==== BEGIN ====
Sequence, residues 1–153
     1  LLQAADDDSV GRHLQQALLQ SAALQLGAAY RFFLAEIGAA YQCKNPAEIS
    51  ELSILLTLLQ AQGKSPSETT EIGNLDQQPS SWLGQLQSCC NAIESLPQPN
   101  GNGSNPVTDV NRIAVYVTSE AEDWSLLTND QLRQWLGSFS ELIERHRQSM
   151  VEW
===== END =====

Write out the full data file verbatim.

Sequence, residues 1–153
     1  LLQAADDDSV GRHLQQALLQ SAALQLGAAY RFFLAEIGAA YQCKNPAEIS
    51  ELSILLTLLQ AQGKSPSETT EIGNLDQQPS SWLGQLQSCC NAIESLPQPN
   101  GNGSNPVTDV NRIAVYVTSE AEDWSLLTND QLRQWLGSFS ELIERHRQSM
   151  VEW